Getting Out from Under an Upside Down Car Loan[yoast-breadcrumb]
Getting Out from Under an Upside Down Car Loan
So, you’ve found yourself in an upside down car loan situation. Don’t worry – you’re not alone. Many people end up owing more on their car loan than the car is worth. But while being upside down on your car loan can feel stressful, there are solutions. This article will walk you through what it means to have an upside down car loan, how you got there, and most importantly, the different strategies you can use to get out from under it.
What is an Upside Down Car Loan?
Also known as being “underwater” on your loan, an upside down car loan is when you owe more on the loan than the car is worth. For example, say you bought a car for $15,000. You put $2,000 down and financed the remaining $13,000. A few years later, the car is now only worth $10,000, but you still owe $11,000 on the loan. That $1,000 difference between what you owe and what the car is worth is called “negative equity.” And that’s what makes your loan upside down.
This happens because cars depreciate quickly. According to experts, vehicles can lose 20% of their value in the first year alone. But your loan balance goes down much slower as you make monthly payments. So it’s easy to end up in a situation where the vehicle loses value faster than you can pay down the loan.
How Did I End Up Upside Down?
There’s a few common scenarios that can lead to an upside down car loan:
- You rolled over negative equity from a previous car loan – When you trade in a car you’re upside down on for a new one, that negative equity gets rolled over into the new loan. This stacks debt on top of debt, immediately putting you underwater on the new loan.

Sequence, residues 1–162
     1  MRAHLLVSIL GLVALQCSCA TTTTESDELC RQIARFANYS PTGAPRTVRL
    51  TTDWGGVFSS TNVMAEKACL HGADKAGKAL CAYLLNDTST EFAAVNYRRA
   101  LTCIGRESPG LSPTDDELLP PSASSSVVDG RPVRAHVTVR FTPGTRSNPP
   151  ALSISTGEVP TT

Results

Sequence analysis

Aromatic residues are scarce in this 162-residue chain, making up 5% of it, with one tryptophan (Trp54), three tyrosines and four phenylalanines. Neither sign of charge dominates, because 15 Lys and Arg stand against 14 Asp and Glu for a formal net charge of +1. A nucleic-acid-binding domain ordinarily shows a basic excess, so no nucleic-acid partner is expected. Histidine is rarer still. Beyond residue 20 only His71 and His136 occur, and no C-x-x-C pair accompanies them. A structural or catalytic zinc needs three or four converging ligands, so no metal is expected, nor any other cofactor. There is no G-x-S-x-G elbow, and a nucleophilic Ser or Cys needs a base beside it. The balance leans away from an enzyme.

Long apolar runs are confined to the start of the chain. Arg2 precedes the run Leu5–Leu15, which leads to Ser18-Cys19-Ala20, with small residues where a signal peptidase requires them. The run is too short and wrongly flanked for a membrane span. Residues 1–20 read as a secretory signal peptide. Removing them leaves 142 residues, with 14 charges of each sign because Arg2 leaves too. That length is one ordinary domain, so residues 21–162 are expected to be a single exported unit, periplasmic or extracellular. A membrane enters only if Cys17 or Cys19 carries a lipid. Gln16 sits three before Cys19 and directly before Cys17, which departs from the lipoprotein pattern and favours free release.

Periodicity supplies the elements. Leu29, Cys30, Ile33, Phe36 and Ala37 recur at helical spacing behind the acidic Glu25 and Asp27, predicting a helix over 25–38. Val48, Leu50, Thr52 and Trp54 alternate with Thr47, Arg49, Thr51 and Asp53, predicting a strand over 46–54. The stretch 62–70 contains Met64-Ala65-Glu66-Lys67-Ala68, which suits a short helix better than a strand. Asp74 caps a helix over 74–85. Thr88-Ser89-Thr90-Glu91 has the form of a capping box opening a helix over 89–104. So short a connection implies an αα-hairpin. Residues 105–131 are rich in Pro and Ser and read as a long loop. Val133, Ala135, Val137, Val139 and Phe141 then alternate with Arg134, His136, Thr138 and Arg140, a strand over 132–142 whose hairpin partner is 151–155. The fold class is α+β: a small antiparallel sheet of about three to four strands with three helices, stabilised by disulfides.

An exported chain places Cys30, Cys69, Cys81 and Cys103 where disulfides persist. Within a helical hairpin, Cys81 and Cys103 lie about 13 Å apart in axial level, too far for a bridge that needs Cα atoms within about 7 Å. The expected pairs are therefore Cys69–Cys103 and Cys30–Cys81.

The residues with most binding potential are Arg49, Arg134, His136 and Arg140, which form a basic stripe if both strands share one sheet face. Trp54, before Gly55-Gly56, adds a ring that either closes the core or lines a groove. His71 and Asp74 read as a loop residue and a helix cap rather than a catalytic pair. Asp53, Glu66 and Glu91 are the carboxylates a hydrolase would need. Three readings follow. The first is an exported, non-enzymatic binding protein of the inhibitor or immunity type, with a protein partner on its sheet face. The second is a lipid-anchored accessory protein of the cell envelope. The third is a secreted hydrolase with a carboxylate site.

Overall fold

- You took out a long loan term – Longer loan terms of 5+ years mean slower principal pay down. That increases the chance of depreciation outpacing your payments.
- You have a high interest rate – Higher interest rates mean more of your monthly payment goes to interest rather than principal reduction. Again, this makes it harder to get above water.
- You bought more car than you could afford – Getting a loan for a more expensive car means higher payments. And if it depreciates quickly, you may owe more than it’s worth.
- You got in an accident – Even a minor accident can significantly reduce a vehicle’s value. If your loan balance doesn’t decrease as quickly, this accident can flip your loan upside down.
How to Get Out From Under an Upside Down Car Loan
Alright, now for the good stuff. If you find yourself underwater on your auto loan, here are 6 different strategies you can use to get out from under it:
1. Pay Off the Loan Faster
The quickest way to get your loan right-side up is to simply pay it off faster. This reduces the principal balance and interest charges. And the closer you get the balance to the car’s value, the less upside down your loan is.
There’s a few ways to accelerate payoff:
- Make extra payments – Even an extra $50/month can make a difference over time.
- Pay a lump sum – Use savings, income tax refunds, bonuses, etc. to make a one-time principal reduction payment.
- Refinance – We’ll talk more about this later, but refinancing to a shorter term or lower rate speeds up pay down.
The faster you can chip away at the principal owed, the quicker you can get your loan above water.
2. Voluntarily Surrender the Car
This is an extreme option, but it is something to consider if you’re very upside down and can’t keep up with payments. By voluntarily surrendering the car to the lender, you’re released from the loan obligation.
However, the lender will sell the car at auction for much less than you owe. And you are responsible for this deficiency balance. Your credit score will also take a major hit. But it may still be a better financial option than continuing to pay on a car you can’t afford.
3. Trade it in for a Cheaper Car
Trading in an underwater car for a less expensive used car can help in certain situations. This avoids a voluntary surrender while getting you into a cheaper ride.
But this only works if the negative equity isn’t too severe. The new loan needs to cover the old loan balance plus the cost of the cheaper car. And qualifying for two loans at once can be difficult.
4. Refinance the Loan
Refinancing replaces your existing upside down loan with a new one. This works if you can get approved for a better loan term or interest rate than your original loan.
Refinancing to a lower rate reduces your monthly payment. And that frees up cash to pay extra each month to principal reduction.
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